Sudan + 1 more

SKBN Coordination Unit - Humanitarian Update (March 2020) [EN/AR]

News and Press Release
Originally published



COVID-19 awareness campaign kicks off in the Two Areas.

COVID-19 measures driving returnees and movement of people

Market prices for staple items continue to rise

Poor harvests - households start relying on the markets

Continued increase in people on the move puts pressure on scarce resources


Blue Nile

Threshing of the harvest is ongoing and farmers are preparing their fields for the next planting season. However, due to a poor harvest because of previous floods and heavy rain, which destroyed crops, farmers harvested only three to five sacks of sorghum compared to more sacks harvested previously. Reports indicate that the food shortage in the region was exacerbated by food sharing with returnees, immediate families and neighbors. Reports suggest that food stocks will not last until April and, as a result, households with no food stocks have already resorted to sharing with neighbors, depending on markets, and other coping strategies. Many people travel to Maban for their rations.

Despite reports of food insecurity across the region, in Beeh, Benamayu, Challi and Soda, food security was relatively stable (communities depend on their harvests as a source of food). However, this will not sustain people for long and they will rely on markets, which will increase prices and make houses more vulnerable to price changes.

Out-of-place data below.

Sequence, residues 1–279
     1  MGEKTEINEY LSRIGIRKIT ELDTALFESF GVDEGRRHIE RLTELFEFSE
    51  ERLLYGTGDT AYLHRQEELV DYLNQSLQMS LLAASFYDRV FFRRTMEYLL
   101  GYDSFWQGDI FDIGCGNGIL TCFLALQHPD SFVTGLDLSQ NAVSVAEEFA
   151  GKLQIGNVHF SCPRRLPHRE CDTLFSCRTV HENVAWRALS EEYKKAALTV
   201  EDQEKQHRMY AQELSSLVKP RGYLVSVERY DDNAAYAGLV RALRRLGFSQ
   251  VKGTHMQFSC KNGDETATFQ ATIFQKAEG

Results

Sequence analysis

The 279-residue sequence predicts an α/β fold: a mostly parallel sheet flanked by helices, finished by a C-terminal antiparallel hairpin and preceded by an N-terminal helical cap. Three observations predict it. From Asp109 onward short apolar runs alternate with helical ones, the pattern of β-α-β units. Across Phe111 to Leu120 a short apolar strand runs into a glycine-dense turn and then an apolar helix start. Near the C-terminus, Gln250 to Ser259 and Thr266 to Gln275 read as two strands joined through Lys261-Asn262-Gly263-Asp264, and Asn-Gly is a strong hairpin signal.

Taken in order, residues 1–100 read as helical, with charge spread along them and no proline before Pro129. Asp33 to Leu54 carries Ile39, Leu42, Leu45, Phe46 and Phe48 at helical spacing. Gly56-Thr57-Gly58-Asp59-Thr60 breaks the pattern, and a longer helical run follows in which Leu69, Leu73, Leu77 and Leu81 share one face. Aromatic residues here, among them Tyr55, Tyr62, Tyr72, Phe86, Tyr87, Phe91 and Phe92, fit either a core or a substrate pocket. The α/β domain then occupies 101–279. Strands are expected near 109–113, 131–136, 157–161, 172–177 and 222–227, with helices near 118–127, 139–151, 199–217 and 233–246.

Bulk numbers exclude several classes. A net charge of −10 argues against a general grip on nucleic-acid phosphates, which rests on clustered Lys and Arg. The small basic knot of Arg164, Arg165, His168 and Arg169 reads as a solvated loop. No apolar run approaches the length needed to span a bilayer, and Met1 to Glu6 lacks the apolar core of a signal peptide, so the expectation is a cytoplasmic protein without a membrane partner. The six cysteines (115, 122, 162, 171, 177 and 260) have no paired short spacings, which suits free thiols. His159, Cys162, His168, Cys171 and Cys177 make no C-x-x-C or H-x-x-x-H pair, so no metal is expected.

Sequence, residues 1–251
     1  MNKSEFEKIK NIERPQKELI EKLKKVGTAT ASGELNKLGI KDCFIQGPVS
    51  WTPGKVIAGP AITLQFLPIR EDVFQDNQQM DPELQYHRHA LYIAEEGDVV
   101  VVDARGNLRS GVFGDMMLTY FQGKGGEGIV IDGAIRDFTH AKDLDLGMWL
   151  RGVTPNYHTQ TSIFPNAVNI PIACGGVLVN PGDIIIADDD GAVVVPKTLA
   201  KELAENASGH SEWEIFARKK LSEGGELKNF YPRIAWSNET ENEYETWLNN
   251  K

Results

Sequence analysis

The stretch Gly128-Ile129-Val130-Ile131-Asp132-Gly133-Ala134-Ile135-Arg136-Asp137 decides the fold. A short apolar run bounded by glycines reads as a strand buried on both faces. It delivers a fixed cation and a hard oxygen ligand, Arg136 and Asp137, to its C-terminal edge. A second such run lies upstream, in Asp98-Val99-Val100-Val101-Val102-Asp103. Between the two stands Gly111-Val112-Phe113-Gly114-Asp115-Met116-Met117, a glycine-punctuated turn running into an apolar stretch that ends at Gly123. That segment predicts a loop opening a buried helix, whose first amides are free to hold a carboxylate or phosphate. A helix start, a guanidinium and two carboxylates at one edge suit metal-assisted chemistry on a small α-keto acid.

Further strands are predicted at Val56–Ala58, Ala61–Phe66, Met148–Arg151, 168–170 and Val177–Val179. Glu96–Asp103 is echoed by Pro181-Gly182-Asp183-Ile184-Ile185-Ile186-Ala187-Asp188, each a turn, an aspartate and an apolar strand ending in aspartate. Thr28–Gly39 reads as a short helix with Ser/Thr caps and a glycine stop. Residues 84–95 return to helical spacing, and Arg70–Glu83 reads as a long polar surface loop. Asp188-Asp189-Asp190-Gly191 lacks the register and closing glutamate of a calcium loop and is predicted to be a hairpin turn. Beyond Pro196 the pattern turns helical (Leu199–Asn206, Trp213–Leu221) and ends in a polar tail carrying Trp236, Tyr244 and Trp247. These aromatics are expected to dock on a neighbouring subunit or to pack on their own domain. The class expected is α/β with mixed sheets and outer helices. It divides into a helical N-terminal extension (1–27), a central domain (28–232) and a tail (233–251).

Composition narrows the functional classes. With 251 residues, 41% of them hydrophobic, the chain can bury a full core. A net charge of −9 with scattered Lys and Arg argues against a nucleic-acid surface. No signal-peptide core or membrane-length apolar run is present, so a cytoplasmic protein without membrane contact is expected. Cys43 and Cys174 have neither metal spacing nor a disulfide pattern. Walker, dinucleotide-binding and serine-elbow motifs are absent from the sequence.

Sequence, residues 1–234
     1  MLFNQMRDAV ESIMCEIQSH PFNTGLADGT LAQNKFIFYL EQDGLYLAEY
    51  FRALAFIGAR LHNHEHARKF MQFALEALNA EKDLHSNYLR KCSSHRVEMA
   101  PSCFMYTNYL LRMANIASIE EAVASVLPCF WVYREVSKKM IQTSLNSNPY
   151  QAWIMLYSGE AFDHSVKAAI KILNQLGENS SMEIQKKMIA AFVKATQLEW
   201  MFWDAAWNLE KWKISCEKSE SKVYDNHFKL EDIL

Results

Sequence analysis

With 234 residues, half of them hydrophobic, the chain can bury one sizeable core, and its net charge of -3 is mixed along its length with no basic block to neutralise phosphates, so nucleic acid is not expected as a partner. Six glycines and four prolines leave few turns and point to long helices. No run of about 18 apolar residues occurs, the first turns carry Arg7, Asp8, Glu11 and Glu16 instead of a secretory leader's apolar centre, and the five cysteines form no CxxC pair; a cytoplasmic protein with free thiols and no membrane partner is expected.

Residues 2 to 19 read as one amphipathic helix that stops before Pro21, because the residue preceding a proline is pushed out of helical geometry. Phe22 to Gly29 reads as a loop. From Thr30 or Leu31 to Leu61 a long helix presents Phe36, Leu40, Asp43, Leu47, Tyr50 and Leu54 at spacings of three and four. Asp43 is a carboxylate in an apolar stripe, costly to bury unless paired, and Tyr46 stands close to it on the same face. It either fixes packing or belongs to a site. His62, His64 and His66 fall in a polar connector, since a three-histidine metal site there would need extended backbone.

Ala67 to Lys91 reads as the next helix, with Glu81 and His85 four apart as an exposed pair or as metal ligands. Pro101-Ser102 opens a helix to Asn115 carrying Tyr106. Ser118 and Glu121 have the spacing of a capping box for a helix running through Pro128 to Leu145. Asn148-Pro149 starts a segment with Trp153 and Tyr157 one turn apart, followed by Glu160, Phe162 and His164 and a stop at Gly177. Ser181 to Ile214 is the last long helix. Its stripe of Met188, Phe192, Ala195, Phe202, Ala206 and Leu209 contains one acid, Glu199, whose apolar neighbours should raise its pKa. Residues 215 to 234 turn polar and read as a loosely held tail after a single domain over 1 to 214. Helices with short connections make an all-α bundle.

Lemons, mangoes, oranges, water melon and tomatoes were available in the markets. Additionally, in Komo Ganza, communities engaged in selling grass, poles, honey, dry okra, cassava and some wild roots in exchange for food.

UNHCR announced advance food distribution and provided April and May rations at the same time, in order to limit frequency of gatherings and potential spreading of COVID-19 pandemic.

This year, food aid distribution targeted Wadaka payam (8,362 households), which was heavily affected by floods and heavy rain. However, the distribution only covers 25% of Blue Nile. For instance, returnees as well as communities in Amora and Zosko (isolated areas) were not included in the distribution plan.

South Kordofan

Household surveys indicated that there was a poor harvest, which means households are likely to become dependent on the markets before the lean season begins (May – September). In March, the region witnessed movements of people to Ajong Thok for their food rations as a back-up to diminished stocks.

Western Jebel

Because of a poor harvest, 80% of households are dependent on markets as an alternative source of food; however, they may not sustain these purchases for long. As a result, increase in the sale of livestock and exchange for labor as another source of income to buy food has been witnessed. However, with COVID19 measures closing of borders between SPLMN-controlled and government-controlled areas, has posed a challenge to households to access labor, goods and services.